Most importantly, Jefferson—although vice president—did little to inhibit, and in fact encouraged, the growing Republican opposition to the Adams administration. When Adams signed the Alien and Sedition Acts, designed to curb Republican opposition to his foreign policy, Jefferson authored the Kentucky Resolution of 1798. Jefferson's statement presented a compact theory of the Constitution, challenging these federal laws enacted under Adams as unconstitutional. James Madison joined Jefferson by writing a similar resolution adopted by Virginia. Both resolutions established the states' rights position that was employed in the nineteenth century to oppose high tariffs, the Second Bank of the United States, and the abolition of slavery. By the end of Adams's term of office, a raging debate, which was presented in brutal and uncivil political cartoons and newspaper articles, swept over the land. It was in this atmosphere of undeclared political war that Jefferson sought and won the presidency in the 1800 election.
The Campaign and Election of 1800
Jefferson approached the 1800 presidential election well organized for victory and determined to win. One factor that elevated Jefferson's chances of becoming President was the general mood of the country. During the Adams presidency, public discontent had risen due to the Alien and Sedition Acts, a direct tax in 1798, Federalist military preparations, and the use of federal troops to crush a minor tax rebellion led by John Fries in Pennsylvania. Consequently, Jefferson enjoyed quite a lot of popular support for his opposition to Adams's policies.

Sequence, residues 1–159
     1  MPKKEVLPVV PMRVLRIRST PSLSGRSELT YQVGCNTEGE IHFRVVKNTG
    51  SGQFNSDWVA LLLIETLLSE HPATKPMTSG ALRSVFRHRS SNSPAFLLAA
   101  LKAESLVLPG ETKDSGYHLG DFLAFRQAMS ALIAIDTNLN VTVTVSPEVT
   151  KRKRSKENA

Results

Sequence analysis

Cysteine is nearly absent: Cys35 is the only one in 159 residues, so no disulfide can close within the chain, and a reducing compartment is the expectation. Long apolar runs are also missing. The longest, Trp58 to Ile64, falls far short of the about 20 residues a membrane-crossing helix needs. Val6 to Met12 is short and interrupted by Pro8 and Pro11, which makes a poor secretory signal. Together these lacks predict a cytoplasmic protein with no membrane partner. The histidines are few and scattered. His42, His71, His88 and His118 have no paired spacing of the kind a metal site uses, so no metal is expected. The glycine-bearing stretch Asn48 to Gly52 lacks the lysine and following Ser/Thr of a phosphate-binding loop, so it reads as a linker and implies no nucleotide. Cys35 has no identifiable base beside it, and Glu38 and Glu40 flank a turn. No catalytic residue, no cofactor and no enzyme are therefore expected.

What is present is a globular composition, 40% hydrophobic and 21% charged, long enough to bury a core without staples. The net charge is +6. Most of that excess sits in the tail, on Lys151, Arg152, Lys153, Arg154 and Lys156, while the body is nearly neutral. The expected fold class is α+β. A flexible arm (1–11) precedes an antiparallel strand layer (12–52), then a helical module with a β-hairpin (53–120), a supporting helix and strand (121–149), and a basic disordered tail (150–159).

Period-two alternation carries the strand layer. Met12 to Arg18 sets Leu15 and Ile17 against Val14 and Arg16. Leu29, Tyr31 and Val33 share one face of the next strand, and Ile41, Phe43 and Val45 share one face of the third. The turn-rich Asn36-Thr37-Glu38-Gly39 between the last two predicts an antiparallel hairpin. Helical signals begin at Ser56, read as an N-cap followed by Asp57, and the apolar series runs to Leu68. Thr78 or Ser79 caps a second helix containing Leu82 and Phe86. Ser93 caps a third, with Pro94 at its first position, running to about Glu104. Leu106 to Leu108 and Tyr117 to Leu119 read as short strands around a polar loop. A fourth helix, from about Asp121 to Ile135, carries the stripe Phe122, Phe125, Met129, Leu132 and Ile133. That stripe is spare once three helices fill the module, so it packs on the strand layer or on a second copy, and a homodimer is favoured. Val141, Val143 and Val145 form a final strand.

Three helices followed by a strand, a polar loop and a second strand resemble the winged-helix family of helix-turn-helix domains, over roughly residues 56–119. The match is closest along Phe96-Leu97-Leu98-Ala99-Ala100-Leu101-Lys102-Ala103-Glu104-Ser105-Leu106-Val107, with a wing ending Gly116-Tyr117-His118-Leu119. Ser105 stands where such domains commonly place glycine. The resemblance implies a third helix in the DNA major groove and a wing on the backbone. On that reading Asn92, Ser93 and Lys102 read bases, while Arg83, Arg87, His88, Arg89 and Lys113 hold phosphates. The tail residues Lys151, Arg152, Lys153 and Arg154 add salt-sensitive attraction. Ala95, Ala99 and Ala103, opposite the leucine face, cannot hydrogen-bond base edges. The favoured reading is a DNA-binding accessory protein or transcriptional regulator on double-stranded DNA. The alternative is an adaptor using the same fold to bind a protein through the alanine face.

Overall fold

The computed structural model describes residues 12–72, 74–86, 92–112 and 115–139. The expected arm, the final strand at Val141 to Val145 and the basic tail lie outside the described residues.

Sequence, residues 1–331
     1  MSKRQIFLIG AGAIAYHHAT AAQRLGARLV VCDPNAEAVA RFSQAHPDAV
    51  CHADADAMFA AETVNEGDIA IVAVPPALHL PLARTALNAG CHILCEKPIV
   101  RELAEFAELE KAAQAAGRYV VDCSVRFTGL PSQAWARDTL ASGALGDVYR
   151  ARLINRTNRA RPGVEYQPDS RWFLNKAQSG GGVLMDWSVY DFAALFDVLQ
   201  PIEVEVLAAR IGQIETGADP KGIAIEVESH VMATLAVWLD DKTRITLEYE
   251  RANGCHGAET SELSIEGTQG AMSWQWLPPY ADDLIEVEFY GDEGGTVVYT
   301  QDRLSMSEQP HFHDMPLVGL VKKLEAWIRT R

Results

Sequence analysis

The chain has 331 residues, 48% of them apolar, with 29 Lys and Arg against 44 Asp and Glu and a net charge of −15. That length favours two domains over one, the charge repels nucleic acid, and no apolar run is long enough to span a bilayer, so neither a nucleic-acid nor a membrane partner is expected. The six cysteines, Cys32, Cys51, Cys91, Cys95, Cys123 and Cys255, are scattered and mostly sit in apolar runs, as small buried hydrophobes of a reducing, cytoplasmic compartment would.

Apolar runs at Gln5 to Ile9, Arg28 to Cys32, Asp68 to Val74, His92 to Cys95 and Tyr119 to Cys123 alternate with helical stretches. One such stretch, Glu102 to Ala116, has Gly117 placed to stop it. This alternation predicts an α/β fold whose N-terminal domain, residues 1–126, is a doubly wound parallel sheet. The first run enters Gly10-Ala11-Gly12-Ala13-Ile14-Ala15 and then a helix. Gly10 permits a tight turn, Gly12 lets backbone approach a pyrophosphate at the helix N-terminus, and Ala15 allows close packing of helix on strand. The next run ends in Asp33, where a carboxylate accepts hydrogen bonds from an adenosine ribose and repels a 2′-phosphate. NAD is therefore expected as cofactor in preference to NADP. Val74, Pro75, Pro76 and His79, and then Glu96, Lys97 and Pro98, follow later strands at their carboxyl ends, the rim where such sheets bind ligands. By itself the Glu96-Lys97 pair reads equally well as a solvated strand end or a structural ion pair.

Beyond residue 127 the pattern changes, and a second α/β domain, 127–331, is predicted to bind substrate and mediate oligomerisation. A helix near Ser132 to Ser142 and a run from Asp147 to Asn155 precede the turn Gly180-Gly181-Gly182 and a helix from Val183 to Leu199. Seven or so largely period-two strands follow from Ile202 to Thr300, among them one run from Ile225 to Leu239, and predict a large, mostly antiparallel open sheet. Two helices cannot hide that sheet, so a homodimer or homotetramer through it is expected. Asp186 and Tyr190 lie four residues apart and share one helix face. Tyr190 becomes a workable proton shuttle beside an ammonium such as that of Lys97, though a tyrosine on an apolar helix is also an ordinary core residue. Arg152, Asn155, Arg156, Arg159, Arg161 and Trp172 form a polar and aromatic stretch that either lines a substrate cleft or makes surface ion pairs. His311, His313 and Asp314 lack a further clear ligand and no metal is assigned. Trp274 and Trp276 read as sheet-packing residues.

The Federalist candidate, the incumbent John Adams, led a split party. Many of his party's members opposed his candidacy because of his refusal to declare war on France—when a naval war did occur, Adams used diplomacy to end it when many Federalists would have preferred the war to continue. Jefferson understood that to win he would have to carry New York, thus his running mate, Aaron Burr of New York, was brought onto the ticket. When the New York legislature turned out its Federalist majority in 1799, prospects looked good for Jefferson.
Given the intense rivalry and conflict involved, it is not surprising that the 1800 election reached a level of personal animosity seldom equaled in American politics. The Federalists attacked the fifty-seven-year-old Jefferson as a godless Jacobin who would unleash the forces of bloody terror upon the land. With Jefferson as President, so warned one newspaper, "Murder, robbery, rape, adultery, and incest will be openly taught and practiced, the air will be rent with the cries of the distressed, the soil will be soaked with blood, and the nation black with crimes." Others attacked Jefferson's deist beliefs as the views of an infidel who "writes aghast the truths of God's words; who makes not even a profession of Christianity; who is without Sabbaths; without the sanctuary, and without so much as a decent external respect for the faith and worship of Christians."